The 2015 UNHRC resolution against Sri Lanka which is popularly known as Resolution 30/1 contains the following undertakings which Sri Lanka has accepted by co-sponsoring it. The first thing resolution 30/1 does is to accept the report prepared by the Office of the High Commissioner on Human Rights on Sri Lanka which accused our armed forces of war crimes and the government undertook to implement the recommendations contained in the OHCHR report. The specific undertakings given were as follows:

1.      To establish a commission for truth, justice, reconciliation and non-recurrence, an office of missing persons and an office for reparations. Each such mechanism was to have the freedom to obtain financial, material and technical assistance from international partners, including the Office of the High Commissioner on Human Rights.

2.      To establish a judicial mechanism with a special counsel to investigate allegations of violations of human rights with the participation in a Sri Lankan judicial mechanism, including the special counsel’s office, of Commonwealth and other foreign judges, defence lawyers and authorized prosecutors and investigators.

3.      To reform Sri Lanka’s domestic law to ensure that it can implement effectively its own commitments including the trial and punishment of those most responsible for the full range of crimes under the general principles of law recognized by the community of nations relevant to violations of human rights.

4.      To introduce effective security sector reforms to ensure that no scope exists for retention in or recruitment into the security forces of anyone credibly implicated through a fair administrative process in serious crimes involving human rights violations, including members of the security and intelligence units.

5.      To review the Public Security Ordinance Act and to review and repeal the Prevention of Terrorism Act, and to replace it with anti-terrorism legislation in accordance with contemporary international best practices.

6.      To bring about a political settlement by taking the necessary constitutional measures to fulfill its commitments on the devolution of political authority, which is integral to reconciliation and the full enjoyment of human rights by all members of its population; and to ensure that all Provincial Councils are able to operate effectively, in accordance with the Thirteenth amendment to the Constitution of Sri Lanka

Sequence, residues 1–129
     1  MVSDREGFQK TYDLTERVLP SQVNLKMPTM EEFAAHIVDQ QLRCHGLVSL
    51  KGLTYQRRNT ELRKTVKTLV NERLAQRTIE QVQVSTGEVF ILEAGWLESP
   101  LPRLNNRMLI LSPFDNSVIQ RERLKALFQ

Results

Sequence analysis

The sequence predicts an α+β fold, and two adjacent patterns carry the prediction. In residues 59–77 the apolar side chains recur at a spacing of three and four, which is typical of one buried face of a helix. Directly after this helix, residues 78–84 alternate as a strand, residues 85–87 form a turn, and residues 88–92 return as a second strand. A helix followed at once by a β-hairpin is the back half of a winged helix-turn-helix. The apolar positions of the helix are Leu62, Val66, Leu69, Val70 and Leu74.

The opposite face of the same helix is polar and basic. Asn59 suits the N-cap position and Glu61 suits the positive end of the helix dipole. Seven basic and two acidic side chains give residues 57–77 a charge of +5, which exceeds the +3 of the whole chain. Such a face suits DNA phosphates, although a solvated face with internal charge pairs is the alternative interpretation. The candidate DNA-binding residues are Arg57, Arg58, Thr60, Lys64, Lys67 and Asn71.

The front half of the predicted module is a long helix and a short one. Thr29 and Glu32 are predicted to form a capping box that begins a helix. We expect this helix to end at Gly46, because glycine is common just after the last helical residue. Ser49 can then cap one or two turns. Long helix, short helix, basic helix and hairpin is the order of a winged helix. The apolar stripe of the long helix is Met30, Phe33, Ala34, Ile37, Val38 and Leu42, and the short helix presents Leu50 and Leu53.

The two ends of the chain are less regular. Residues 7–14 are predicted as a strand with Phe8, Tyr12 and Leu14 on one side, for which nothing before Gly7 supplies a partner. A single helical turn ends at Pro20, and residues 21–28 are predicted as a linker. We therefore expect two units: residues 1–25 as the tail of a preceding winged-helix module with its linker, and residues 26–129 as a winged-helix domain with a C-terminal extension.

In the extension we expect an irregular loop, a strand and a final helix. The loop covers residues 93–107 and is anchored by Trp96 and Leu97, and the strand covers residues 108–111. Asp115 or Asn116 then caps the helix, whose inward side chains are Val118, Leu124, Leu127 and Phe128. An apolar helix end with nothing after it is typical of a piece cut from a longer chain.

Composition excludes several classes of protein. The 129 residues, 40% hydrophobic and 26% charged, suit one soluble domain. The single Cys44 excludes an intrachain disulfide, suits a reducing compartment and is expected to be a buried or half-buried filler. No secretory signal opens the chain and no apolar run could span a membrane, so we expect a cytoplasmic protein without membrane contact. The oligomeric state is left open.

Absence of a Battaramulla style proclamation

Even though Resolution 30/1 has given undertakings of such a serious nature, President Sirisena has never condemned it in public. One may ask how he can condemn something that was done by his own government. However as he has done exactly that on many occasions and he can always claim that he was not kept informed about what the foreign minister at the time was doing. It was this newspaper that exclusively reported that the Sinhala translation of Resolution 30/1 which was posted on the foreign ministry website at the time had been deliberately doctored to keep out the most harmful parts.

In 1987, it was Prime Minister Premadasa who presented the Provincial Councils Bill in Parliament even though he opposed the Indo Lanka Peace Accord of which the PCs Bill was an integral part. Yet as soon as he became President, he demanded that the Indian troops leave Sri Lanka in what became known as his Battaramulla proclamation. He did not do it diplomatically via the usual channels but at a public meeting.

We have not heard a Battaramulla style proclamation from President Sirisena with regard to UNHRC Resolution 30/1. He has not even sent a diplomatically worded letter to the UN Human Rights Commissioner about it. Indeed he has not even taken the matter up with the UNP even though he has gone on record stating that the UNP destroyed the economy. Why can’t he say publicly that the UNP messed up the UNHRC matter as well? It is a manifest fact that his faction of the SLFP had little or nothing to do with that UNHRC resolution so he can make such a pronouncement with minimal political harm to himself. If he genuinely wants Sri Lanka to be left alone to manage her own affairs, the first thing he should do is to see how Resolution 30/1 can be defanged and removed from the UNHRC agenda.

The main sponsor of this resolution, the USA, is no longer in the UNHRC and they have even cut off funding to that body. When they left the UNHRC, the USA condemned it as a “cesspool of political bias”. The very thing Sri Lanka has been saying for years when the USA was sponsoring resolutions against us in that body and twisting the arms of vulnerable countries to vote against Sri Lanka. The UNHRC was a cesspool that was well liked by the Obama administration.

Since he is still the President, Sirisena should force the UNP to put forward a counter proposal to defang Resolution 30/1 and since there is a question whether the UNP can be trusted to do it properly, he could perhaps replace the UNP foreign minister with one of his own Ministers to see that the job is done properly. We all recall that when UNP minister Arjuna Ranatunga was stalling the privatization of the Hambantota Port, President Sirisena moved him out him and appointed Mahinda Samarasinghe in his place who carried out the privatization of the port.